Cycle (A) 2nd Sunday of Easter

Acts 2:42-7; 1 Pet. 1:3-9; Jn. 20:19-31

Once two seeds were carried by the running water from a mountain top. They rolled down the hill to the valley. The seeds got deposited on the banks of the stream. Eventually the seeds sprouted. The small plants began to grow into tress. One tree grew very fast. Its branches spread far. It was filled with green leaves. When spring came, it

flowered; and in autumn it was filled with beautiful and attractive fruit. Its lovely fruit attracted birds that fed gleefully on them. It became the pride of the area. On the other hand, the other tree was almost stunt. It didn’t have any fruit on it. It didn’t any flower to attract butter flies. Neither did it have many leaves or branches.

One day torrential rain beat down, and the wild wind spread havoc. The large tree, too, was not spared. It got uprooted and fell. While falling down it was stopped by something by half way. It looked up to see the supporting hand. To its surprise it found that it was resting on the small tree. Out of dismay the large tree asked. How comes that you are not affected by the wind and rain? In these inclement conditions you are able to hold me too. What is the secret of your strength? The stunt tree answered; while you were busy spreading your branches and decorating you with your leaves and flowers, I was busy sending down my roots to strengthen me.

This is the secret of the success of the early Christian community, too. They had strengthened their roots in their faith in the risen Lord. Today's First Reading from the Acts of the Apostles [Acts 2:42-7] describes the life of the early Christians. They learned and practiced the teachings of the apostles.  They worshipped in fellowship.  They participated in the breaking of bread. They devoted themselves to prayers. These practices of the early Christians strengthened their roots. So, neither the persecution nor the temptations of the contemporaries could affect their faith in Jesus.

In the Gospel we find that Jesus had strengthened His disciples to accept the challenges. Jesus breathed on His disciples and said to them, "Receive the Holy Spirit." [Jn. 20:21-2 The Book of Genesis uses the same imagery to explain creation of man: "Then the Lord God formed man from the dust of the ground, and breathed into his nostrils the breath of life; and the man became a living being." [Gen. 2:7] When the Lord God breathed into the first man he became a living reality. When the Holy Spirit was bestowed upon the apostles, they became new creations. This experience compelled them for a total surrender.

When Jesus appeared to the disciples Thomas was absent from the group. So, when the other disciples shared their experience that they had seen Jesus Thomas refused to accept their testimony. The Gospels present Thomas as a man who was ready to take any risk at the side of Jesus. When Jesus received the message of the death of Lazarus, He decided to go to Jerusalem; but His disciples tried to dissuade Him from going to Jerusalem since the Jews sought His life. Thomas, however, showed his determination and said: “Let us go and die with him.” That is the man who refused to accept the message of the other disciples. He wanted a personal experience. So when Jesus came the second time to His disciples He called Thomas to experience Him personally. His personal experience compelled him to confess, “My Lord and my God.” That personal experience led them for a complete surrender. That personal experience led him to unknown lands. He travelled miles and reached as far as India to bear witness to Jesus.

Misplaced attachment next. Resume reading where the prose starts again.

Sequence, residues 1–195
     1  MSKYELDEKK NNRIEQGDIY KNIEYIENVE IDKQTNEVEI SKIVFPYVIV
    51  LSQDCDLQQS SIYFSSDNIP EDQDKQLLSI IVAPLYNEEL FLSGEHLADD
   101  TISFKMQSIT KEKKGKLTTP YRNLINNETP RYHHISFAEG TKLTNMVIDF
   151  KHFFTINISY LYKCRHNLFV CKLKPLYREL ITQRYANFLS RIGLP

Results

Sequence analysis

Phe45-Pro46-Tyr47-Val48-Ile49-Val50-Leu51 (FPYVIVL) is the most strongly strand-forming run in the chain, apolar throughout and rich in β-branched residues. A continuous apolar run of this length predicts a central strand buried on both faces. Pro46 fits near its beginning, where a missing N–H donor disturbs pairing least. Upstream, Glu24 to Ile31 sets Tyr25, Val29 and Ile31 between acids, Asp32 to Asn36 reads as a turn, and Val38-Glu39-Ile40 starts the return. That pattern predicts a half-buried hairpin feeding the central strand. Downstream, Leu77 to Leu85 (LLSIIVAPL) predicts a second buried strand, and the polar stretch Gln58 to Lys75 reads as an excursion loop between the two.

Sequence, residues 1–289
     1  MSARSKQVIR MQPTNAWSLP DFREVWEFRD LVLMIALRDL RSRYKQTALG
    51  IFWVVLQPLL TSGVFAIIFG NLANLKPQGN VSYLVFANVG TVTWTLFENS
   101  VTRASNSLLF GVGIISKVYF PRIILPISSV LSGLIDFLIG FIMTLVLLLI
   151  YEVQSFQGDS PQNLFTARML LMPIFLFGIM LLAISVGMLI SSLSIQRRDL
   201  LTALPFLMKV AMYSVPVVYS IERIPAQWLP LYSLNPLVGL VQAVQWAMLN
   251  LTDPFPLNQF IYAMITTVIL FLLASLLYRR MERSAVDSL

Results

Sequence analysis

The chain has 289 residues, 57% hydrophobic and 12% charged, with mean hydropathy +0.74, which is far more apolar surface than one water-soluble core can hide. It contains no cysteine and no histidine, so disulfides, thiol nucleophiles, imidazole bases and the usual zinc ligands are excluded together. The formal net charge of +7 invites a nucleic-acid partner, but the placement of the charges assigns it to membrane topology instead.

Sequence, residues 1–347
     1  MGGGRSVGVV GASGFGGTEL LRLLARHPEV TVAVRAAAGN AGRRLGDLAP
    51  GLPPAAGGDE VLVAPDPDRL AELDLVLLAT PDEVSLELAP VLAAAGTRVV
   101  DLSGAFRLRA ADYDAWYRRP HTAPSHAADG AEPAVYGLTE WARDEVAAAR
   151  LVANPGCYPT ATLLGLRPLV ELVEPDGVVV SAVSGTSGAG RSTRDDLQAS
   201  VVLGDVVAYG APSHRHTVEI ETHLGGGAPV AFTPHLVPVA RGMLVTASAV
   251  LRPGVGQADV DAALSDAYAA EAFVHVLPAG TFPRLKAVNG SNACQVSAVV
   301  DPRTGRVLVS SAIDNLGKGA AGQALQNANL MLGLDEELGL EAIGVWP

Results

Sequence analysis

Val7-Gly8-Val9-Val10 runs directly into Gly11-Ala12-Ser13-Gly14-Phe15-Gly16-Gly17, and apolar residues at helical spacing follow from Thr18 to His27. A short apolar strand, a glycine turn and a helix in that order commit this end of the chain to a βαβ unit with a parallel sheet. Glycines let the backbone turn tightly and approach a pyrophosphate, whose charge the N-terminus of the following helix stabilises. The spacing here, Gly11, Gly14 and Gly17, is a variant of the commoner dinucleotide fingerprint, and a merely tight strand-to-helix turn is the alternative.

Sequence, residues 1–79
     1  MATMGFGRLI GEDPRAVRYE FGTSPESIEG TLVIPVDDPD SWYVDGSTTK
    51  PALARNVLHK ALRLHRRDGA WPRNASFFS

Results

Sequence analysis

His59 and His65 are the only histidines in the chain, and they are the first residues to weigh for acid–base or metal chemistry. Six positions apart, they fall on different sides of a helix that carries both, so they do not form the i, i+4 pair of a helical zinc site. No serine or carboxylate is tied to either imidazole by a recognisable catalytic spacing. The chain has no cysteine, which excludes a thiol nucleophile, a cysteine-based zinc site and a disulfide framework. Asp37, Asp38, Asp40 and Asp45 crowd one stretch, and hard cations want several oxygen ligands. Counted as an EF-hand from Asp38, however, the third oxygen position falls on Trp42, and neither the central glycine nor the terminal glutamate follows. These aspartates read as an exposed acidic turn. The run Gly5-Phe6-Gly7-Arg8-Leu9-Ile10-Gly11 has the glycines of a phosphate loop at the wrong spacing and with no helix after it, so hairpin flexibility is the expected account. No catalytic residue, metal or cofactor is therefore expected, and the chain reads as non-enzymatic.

This is what faith in the Risen Lord really means: a complete and joyful surrender to the plans of God for each one of us.

When we hear the phrase "surrender to God" we might think that we are going to stop living. The truth is: we will start living! Surrendering means to start living with a purpose - the purpose that God has planned for us.

Jeremiah says, "'For I know the plans I have for you,' declares the LORD, 'plans to prosper you and not to harm you, plans to give you hope and a future.”(29:11) God has a plan for our lives! We can give up our selfish desires, put our futures in the hands of God, and He will take us far beyond our dreams! 

The supreme act of surrender which the believer is called to emulate is the surrender of Christ first as coming into the world as God incarnate and then the surrender to the Cross in the act of sacrificial atonement, breaking the curse of sin and death from the fall of the first man.

Surrender is noted in Christian doctrine as one of the three columns of victorious living. Hence, the Christian Flag, which represents all of Christendom, has a white field, with a red Latin cross inside a blue canton.  A White Flag is linked to surrender.

All the great people have emphasized on the need to surrender to God for achieving success. St. Teresa of Avila remarked, “We can only learn to know ourselves and do what we can / namely, surrender our will and fulfill God's will in us.”  Sri Sathya Sai Baba reminded his followers that “Once we surrender our mind to GOD completely, HE will take care of us in every way.” 

Ramakrishna Paramhansa was deeply convinced about the importance of surrender. He said, “God has put you in the world. What can you do about it? Resign everything to Him. Surrender yourself at His feet. Then there will be no more confusion. Then you will realize that it is God who does everything.”

It is binding that we should cultivate the virtue of surrender to God.  It should be practiced in our day to day life. When we  give up our  opinion for the common good,  when we accept  an unjust humiliation, when we support the just cause of our colleague, when we postpone our interest for the sake of the  family, we  are surrendering our will  and accepting God’s will. Thus we will be able to strengthen the roots of our faith. May the risen Lord help us in our endeavours.